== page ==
Local and internet sources were used to research the history of the evolution of the building itself and trace the residents as far back as records allowed.
The world of investing is fascinating and complex, and it can be very fruitful. But unlike the banking world, where deposits are guaranteed by the federal government, stocks, bonds and other securities can lose value. There are no guarantees. That's why investing is not a spectator sport.
By far In , Japan began a year period of colonial rule over Korea.
Initial hopes During , the author completed a 3, mile long journey to commemorate everybody who died or suffered during the Great War a century ago. It provides a thorough and fascinating overview of a rarely-discussed war between the United States and the British Empire.
Professor F. Adcock produced an interesting and readable account of the Greek and Macedonian art of war. Strategy and battle tactics of ground troops are discussed, along with specifics on naval warfare, the cavalry including those with elephants , siege warfare, and leadership on the battlefield.
Historians of military history and the ancient world will find this text an informative and useful resource. The use of the military tank was a turning point in modern warfare, and this fascinating text details the varieties developed for use by different nations during World War I.
Their combat history during WWI is also given. A number of black and white photos and illustrations are given to complement the text. This is a facsimile reprint of a book first published in Obviously, battles between pirates or buccaneers and their prey or adversaries led to injuries, and life on ship or in tropical climes brought disease.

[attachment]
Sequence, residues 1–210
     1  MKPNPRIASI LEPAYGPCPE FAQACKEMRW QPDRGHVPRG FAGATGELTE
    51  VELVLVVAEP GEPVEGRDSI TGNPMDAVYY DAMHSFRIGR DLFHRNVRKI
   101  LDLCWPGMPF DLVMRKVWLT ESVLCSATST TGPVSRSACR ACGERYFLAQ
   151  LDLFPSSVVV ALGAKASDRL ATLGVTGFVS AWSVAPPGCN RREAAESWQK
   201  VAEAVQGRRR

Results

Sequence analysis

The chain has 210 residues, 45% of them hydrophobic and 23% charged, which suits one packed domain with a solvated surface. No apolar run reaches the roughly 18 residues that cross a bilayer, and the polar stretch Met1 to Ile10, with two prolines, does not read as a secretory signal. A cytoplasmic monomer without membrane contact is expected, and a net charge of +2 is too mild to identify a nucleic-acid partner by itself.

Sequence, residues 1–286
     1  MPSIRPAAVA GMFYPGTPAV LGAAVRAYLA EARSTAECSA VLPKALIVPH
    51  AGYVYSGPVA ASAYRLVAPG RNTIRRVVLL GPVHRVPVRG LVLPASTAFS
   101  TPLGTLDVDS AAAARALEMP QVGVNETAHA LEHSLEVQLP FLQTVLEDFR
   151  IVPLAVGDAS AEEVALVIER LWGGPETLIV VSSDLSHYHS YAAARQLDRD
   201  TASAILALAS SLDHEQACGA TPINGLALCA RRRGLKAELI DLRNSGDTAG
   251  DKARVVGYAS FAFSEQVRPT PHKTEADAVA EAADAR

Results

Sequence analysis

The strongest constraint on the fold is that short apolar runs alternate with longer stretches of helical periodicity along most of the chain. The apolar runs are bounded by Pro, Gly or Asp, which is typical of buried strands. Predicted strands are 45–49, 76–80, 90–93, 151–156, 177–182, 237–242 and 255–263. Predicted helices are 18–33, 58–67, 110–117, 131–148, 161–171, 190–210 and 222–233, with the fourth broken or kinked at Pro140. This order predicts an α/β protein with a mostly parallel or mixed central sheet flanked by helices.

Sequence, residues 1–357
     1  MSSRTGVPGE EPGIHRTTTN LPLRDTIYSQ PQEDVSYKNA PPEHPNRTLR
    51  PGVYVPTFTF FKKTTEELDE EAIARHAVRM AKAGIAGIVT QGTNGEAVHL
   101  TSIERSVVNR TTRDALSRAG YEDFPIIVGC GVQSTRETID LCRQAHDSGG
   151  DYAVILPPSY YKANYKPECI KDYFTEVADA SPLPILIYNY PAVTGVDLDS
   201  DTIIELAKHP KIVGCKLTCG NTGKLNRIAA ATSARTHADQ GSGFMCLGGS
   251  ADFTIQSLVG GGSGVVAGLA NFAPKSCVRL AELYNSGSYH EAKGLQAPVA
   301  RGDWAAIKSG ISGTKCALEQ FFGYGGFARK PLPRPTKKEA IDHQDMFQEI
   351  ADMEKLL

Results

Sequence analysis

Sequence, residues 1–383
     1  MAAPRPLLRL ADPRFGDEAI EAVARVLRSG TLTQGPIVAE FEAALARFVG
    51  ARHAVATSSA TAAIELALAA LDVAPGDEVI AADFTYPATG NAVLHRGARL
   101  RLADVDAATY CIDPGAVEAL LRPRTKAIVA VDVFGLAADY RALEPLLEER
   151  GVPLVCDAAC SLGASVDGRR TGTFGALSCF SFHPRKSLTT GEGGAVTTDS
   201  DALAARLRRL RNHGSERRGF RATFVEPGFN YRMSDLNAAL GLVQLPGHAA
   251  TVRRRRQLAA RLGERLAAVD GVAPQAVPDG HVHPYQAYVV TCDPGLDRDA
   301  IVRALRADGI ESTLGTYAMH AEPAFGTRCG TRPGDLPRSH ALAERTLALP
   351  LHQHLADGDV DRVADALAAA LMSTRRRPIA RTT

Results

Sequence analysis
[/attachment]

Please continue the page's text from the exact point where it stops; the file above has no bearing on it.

Leo Eloesser introduces us to the doctors who rode the high seas with their pirate and buccaneer brethren. Highly respected onboard, but often as villainous as their shipmates, these doctors practiced under unusual conditions, whether dealing with lost limbs or STDs.
This is a reprint of the original page article from the Annals of Medical History. This guide to bombardment aviation was published during World War II, written by an experienced combat pilot. It reviews the history, equipment, and techniques of this important aspect to military warfare.
This will be of interest to enthusiasts of military and aviation histor y. Deaderick analyzes a number of important Civil War battles, describing the positive and negative tactics and strategies for both sides. Circumstances have their place, but intelligent preparation and decisions in the heat of battle have a far greater impact on the success of military strategy.
This is a good introduction to the subject for military history students and enthusiasts. First published Major C. Russell investigated crime and espionage in France during World War I, as American troops fought the German onslaught. Murder, swindles, counterfeiting, train-robberies, and spies make up 19 adventures in this remarkable history of law enforcement during this great conflict, a side of warfare that is sometimes overlooked but is just as important as direct action with the enemy.
This reprint from shows how to accurately draw military tanks from the ground up, with basic discussions of perspective, constructing the ground work, building up with details, and incorporating into action scenes. It is not a guide to the many types of tanks, though the author-artist does illustrate a number of varieties. Any budding artist with a penchant for militaria will find this guide of interest.